Ali Miraj 10pm - 1am
At long last M&S's renaissance now seems under a wet sail
24 May 2023, 11:11
Today’s full year results from M&S – I still prefer to call the brand St Michael’s – suggests that the UK’S most celebrated retail operation is no longer in remission and has finally shown signs of rising like the ‘Phoenix from the Ashes’ after spending more than a decade in the ‘doldrums.’
Chairman Archie Norman and joint CEOS Stuart Machin and Katie Bickerstaffe have finally managed to steer this ‘high street favourite’ away from the ‘dowdiness’ of its clothes, which has been in evidence for years. At last M&S has started to produce fashions, which all age groups are attracted to. Food sales have never been a problem. Their produce has always been of the highest quality, even if marginally more expensive than many of its peers. Not so the fashions; they have struggled.
There have only been two occasions when M&S has posted a pre-tax profit of £1 billion – in 1997 under the stewardship of Sir Richard Greenbury and in 2007, three years after Lord Stuart Rose took up the challenge as CEO, when staving off Sir Philip Green’s £9.1 billion bid at £4 a share in 2004. Since that date achieving that level of profitability has never been in M&S’S sights. In the year ending 2ndApril 2022 the group registered a profit before tax of £391.7 million, which was the highest figure since 2016. M&S’S share price has been on the slide since May 2007, when its shares hit 700p in May 2007.
This morning M&S posted a pre-tax profit of £482 million for the year 2022/23. Sales for clothes were up 11.5% and food by 8.7%. There was a modest disappointment in that the Ocado Retail joint venture cost £29 million. In the past year inflation has been rampant. Energy costs have topped £50 million and wage inflation close to £100 million. This looks like very decent progress, bearing in mind the consumer has had to be far more discerning, having less disposable income.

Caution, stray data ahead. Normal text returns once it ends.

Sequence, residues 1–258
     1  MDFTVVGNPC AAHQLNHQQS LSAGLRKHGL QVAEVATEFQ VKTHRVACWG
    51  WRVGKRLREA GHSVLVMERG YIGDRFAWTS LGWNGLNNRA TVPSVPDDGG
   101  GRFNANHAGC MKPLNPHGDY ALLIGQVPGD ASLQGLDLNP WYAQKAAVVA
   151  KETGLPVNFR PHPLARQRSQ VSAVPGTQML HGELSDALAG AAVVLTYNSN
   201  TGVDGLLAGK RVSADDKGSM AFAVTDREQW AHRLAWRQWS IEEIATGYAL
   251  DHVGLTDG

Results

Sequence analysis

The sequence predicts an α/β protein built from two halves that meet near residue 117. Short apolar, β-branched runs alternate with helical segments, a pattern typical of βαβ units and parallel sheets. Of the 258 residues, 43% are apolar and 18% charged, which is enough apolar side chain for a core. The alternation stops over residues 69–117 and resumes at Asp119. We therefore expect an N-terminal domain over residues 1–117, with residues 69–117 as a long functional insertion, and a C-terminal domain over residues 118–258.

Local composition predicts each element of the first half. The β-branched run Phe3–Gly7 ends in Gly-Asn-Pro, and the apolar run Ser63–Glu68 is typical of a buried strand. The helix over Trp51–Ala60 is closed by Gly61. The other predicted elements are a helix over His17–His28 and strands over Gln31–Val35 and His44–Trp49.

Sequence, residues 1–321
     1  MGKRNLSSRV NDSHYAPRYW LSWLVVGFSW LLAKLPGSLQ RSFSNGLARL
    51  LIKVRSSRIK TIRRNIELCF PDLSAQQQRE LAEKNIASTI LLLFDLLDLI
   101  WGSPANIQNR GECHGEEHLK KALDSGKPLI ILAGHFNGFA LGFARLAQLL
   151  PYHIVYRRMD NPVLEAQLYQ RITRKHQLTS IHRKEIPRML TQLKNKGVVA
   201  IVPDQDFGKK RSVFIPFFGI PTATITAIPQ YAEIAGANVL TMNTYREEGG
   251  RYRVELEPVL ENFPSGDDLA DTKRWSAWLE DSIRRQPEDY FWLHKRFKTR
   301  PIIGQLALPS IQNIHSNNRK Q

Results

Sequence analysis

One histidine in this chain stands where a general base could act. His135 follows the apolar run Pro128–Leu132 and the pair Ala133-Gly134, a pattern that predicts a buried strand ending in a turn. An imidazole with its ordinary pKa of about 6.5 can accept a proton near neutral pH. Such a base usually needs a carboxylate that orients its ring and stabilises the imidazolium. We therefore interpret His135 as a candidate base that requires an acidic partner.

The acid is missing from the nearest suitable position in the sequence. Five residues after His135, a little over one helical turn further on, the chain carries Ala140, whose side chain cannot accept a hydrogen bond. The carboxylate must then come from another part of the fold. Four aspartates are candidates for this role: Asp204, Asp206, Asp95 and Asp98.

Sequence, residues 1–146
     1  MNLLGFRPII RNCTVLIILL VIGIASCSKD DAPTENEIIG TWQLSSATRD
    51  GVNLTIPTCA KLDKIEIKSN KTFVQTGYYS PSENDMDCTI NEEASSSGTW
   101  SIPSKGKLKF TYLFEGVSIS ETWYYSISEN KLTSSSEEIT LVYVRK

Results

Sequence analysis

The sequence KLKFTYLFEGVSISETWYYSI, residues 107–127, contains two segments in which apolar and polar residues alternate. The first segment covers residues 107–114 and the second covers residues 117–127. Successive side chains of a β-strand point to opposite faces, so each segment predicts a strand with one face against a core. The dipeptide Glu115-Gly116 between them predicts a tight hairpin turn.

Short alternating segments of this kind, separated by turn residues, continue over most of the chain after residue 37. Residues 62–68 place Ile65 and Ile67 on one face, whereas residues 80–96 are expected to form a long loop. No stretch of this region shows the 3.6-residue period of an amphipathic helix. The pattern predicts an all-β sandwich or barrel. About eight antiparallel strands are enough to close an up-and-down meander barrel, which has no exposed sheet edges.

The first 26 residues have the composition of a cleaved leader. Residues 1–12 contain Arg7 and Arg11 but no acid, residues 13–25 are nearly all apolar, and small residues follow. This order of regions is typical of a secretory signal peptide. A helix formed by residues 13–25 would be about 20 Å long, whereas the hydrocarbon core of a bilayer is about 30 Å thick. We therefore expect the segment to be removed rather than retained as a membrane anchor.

The clothing sales have been particularly gratifying. When Lord Rose handed over the reins to Marc Bolland in 2010, maybe in hindsight leaving Kate Bostock, who had been in situ in fashion at a senior level from 2004 to 2012 in charge, was a ’bridge too far’. However inspirational a clothes acolyte she might have been, eight years is probably too long to be at the helm of a fashion house. Unfortunately, the appointment of Belinda Earl also proved to provide little impetus to clothes sales. Fashion always needs the injection of new ideas and designs and despite some new fresh brands and contributions from heavyweights such as Paul Smith, M&S lost its market share to the likes of Primark and other high street brands – Hobbs, French Connection, Reiss, H&M, Zara and recent aspirants such as Boohoo and ASOS. Once market share is surrendered, it is very hard to reverse the trend.
When Marc Bolland arrived from Wm Morrison in 2010, succeeding Lord Rose as CEO, M&S shares had fallen to 380p. They rallied to 540p in 2015 but fell away to 410p in January 2016, when Bolland handed over control to Steve Rowe, who had been responsible for general merchandise including clothes. His appointment was a bit of a surprise. The share price continued to drift to 99p in October 2022. Steve Rowe cannot take all the blame. He contributed significantly to a major cost cutting exercise and helped to negotiate the £750 million distribution deal with Ocado. He had Covid to deal with. Food remained at the top end of excellence during this tricky period. However, in recent years M&S was late coming out of the traps venturing into on-line trading. This was a major oversight. Despite Laura Wade-Gery being hired to take over this Herculean task from supermarket group Tesco, her arrival came too late. “The horse had already bolted!”
The ’triumvirate’ of Messrs Norman, Machin and Bickerstaffe are proving to be a very potent and effective management team. Mr Norman’s invaluable experience as a leading retailer at ASDA before entering politics, followed by a successful chairmanship of ITV, prior to succeeding Robert Swannell as Chairman of M&S in 2017, is proving to be invaluable. To have joint managing directors is considered unorthodox, but the combination of Machin and Bickerstaff (appointed March 2022) has proved successful to date. Stuart Machin has been all but a ‘lifer’ at M&S and knows the business inside out and Bickerstaff has made radical and successful contribution to its fashion renaissance. M&S now sells an array of brands in a similar manner to John Lewis and with what looks like rather more success. Many branches have been closed and the shops are much more user friendly. M&S’S resurgence seems now “under a wet sail!” It is interesting to note that M&S share price has rallied by 29% since the beginning of 2023.